Haya Waseem on her short film 'Shahzad'

Haya Waseem is a Pakistani born Canadian raised in Switzerland. A Sheridan College graduate in Media Arts, her short film SHAHZAD about an 11 year old Pakistani boy who moves to Toronto with his father and how he builds a home in a foreign land, premiered at the 2016 Toronto International Film Festival. We spoke to Haya about the making of Shahzad and her own immigrant experience. 

Q) How does it feel to have TIFF as a platform to showcase your film?

It’s great. This is the first film that I have at TIFF. I made the film a year ago so it’s kind of like a resurrection of sorts of the film that I made. I am obsessed with making films. I made four films last year and I’m already on fifth and sixth now. Shahzad was the first film I did. It’s great in a way that its reminding me of where I came from and what that means today. I’m developing a feature for Shahzad now so the timing couldn’t be better. Everybody is getting to see the film and I’m surprised hearing about the film I made that I didn’t have any expectations for, it was just something that was personal to me and I put it on screen. So this is like the biggest gift. 

Q) Making four films in the span of one year is quite a feat. How did you pull that off?

My boyfriend is my cinematographer, he has a great eye and I’m lucky to have him. The two of us are very, very passionate. That is all we think about, that is all we do. It started with him purchasing a film camera and me wanting to transition into directing and telling my own stories. Those two things year and a half ago kick started our first project, which was a documentary shot on film. I come from the doc world so that was a natural beginning. We finished the film and it was something we were both proud of. Immediately after I thought okay now I want to write something. So I wrote Shahzad and we pitched it to BravoFACT, they gave us the grant. We went right into Shahzad. When Shahzad was finished, we had film left over and I said let’s shoot another. We had enough savings to put towards a film and we just kept going from thereon. Our biggest strength is we trust each other and each other’s ideas and are eager to do so we just do it. We don’t wait for funding or this and that to go through. If that comes through great, if it doesn’t we are already taking steps towards making it ourselves. I edit, Chris shoots, I direct so between the two of us we can make a film and we have for the past year and a half.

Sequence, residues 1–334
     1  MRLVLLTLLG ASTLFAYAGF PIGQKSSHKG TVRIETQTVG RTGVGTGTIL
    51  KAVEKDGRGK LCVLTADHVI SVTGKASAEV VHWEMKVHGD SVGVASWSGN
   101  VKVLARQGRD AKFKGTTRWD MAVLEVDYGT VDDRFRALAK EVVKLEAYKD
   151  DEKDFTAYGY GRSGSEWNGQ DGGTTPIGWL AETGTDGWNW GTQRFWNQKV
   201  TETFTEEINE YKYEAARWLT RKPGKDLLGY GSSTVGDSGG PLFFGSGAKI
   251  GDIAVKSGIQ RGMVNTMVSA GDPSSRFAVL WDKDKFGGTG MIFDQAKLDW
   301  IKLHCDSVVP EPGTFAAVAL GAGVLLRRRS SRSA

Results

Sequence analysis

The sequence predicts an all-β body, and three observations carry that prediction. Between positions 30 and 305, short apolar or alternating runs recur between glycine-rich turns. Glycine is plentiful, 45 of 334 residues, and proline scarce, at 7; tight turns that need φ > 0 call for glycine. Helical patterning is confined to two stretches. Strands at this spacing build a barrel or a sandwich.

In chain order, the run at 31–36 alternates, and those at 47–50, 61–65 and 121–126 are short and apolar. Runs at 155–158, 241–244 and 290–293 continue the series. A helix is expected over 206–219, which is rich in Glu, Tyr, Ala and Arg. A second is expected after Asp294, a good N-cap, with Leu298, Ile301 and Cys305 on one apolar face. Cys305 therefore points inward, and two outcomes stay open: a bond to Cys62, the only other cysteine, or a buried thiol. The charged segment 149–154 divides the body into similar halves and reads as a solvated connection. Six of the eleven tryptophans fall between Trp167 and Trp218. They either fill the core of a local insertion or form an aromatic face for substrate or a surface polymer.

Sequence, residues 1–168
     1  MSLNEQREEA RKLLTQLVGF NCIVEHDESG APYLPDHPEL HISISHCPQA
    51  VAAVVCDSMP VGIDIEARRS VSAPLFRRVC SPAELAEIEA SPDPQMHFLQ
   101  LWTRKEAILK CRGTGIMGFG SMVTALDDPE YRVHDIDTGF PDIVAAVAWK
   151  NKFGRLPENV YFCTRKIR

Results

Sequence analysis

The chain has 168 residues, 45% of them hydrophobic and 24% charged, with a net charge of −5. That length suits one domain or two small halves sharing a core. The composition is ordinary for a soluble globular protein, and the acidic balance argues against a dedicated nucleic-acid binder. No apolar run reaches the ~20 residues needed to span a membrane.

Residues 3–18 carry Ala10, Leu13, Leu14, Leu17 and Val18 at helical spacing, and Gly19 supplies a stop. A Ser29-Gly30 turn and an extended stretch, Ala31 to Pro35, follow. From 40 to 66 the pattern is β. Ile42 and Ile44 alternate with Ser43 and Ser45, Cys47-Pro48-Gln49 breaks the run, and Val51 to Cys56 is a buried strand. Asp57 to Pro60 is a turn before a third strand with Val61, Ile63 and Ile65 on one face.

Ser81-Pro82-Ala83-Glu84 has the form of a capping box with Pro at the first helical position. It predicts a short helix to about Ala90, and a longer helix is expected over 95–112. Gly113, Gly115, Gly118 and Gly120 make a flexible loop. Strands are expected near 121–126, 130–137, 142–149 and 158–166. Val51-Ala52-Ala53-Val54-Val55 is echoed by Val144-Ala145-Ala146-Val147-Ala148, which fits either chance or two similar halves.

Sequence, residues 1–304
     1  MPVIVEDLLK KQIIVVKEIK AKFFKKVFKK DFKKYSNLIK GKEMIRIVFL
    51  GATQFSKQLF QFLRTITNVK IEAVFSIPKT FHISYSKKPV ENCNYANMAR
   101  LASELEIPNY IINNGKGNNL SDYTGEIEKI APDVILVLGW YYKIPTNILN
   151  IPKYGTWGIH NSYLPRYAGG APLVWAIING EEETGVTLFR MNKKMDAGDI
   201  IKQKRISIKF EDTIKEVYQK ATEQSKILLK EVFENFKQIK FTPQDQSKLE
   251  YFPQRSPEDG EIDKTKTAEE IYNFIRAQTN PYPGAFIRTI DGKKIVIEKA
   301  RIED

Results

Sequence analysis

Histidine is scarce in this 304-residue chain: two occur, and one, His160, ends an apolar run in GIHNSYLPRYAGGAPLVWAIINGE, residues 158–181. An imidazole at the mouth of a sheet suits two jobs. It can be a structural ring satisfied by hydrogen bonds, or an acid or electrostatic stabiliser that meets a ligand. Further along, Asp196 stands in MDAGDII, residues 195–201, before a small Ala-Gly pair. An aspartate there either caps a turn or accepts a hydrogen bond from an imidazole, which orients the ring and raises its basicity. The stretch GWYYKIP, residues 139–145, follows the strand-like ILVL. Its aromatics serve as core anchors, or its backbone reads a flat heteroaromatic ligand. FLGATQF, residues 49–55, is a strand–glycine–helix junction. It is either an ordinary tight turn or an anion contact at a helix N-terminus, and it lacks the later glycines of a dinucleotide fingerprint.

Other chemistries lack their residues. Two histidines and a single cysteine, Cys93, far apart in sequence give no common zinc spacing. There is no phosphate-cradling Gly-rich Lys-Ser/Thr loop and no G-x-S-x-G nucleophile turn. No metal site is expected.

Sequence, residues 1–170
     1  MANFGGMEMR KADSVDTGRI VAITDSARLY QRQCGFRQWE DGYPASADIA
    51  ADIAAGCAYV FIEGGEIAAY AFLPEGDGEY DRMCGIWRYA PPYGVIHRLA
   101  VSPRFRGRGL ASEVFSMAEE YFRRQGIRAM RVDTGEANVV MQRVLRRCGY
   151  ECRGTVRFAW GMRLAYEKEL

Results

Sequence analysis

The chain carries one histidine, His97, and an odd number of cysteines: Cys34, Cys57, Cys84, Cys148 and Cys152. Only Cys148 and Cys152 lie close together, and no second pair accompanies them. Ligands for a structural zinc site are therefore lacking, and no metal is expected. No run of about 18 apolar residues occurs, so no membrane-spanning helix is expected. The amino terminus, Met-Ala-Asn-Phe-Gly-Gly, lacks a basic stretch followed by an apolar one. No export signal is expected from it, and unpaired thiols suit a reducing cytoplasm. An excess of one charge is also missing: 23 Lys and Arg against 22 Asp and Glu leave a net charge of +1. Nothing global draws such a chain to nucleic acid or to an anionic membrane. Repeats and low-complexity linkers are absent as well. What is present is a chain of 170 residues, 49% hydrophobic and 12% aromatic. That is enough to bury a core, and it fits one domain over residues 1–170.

Q) Where did the story idea of Shahzad stem from?

I collect pieces everyday; I don’t how they will all come together. I saw a photo in a magazine, of a man with a goatee but he had blue eye shadow on and he was looking straight into camera. It was striking image that stayed with me. I moved a lot when I was a kid, now I’m by myself and feel independent. I thought to myself I’ve never really thought about what my parents went through when we were doing all those moves because I was so focused on what I was going through, how I was feeling. Now that I am a bit more stable, I began thinking about what they went through and that opened up a base for imagining what a parent could be going through in the periphery of the point of view of a kid, that’s how Shahzad came about. I thought if I take Shahzad and I’m looking through the tunnel vision of his experience, who could be the father on the sidelines and that image just popped in there so those two things became Shahzad. I like repetition and how rituals can change and indicate the growth of a character. I juxtaposed the same dinner the father and son go through and what the son is going through at school.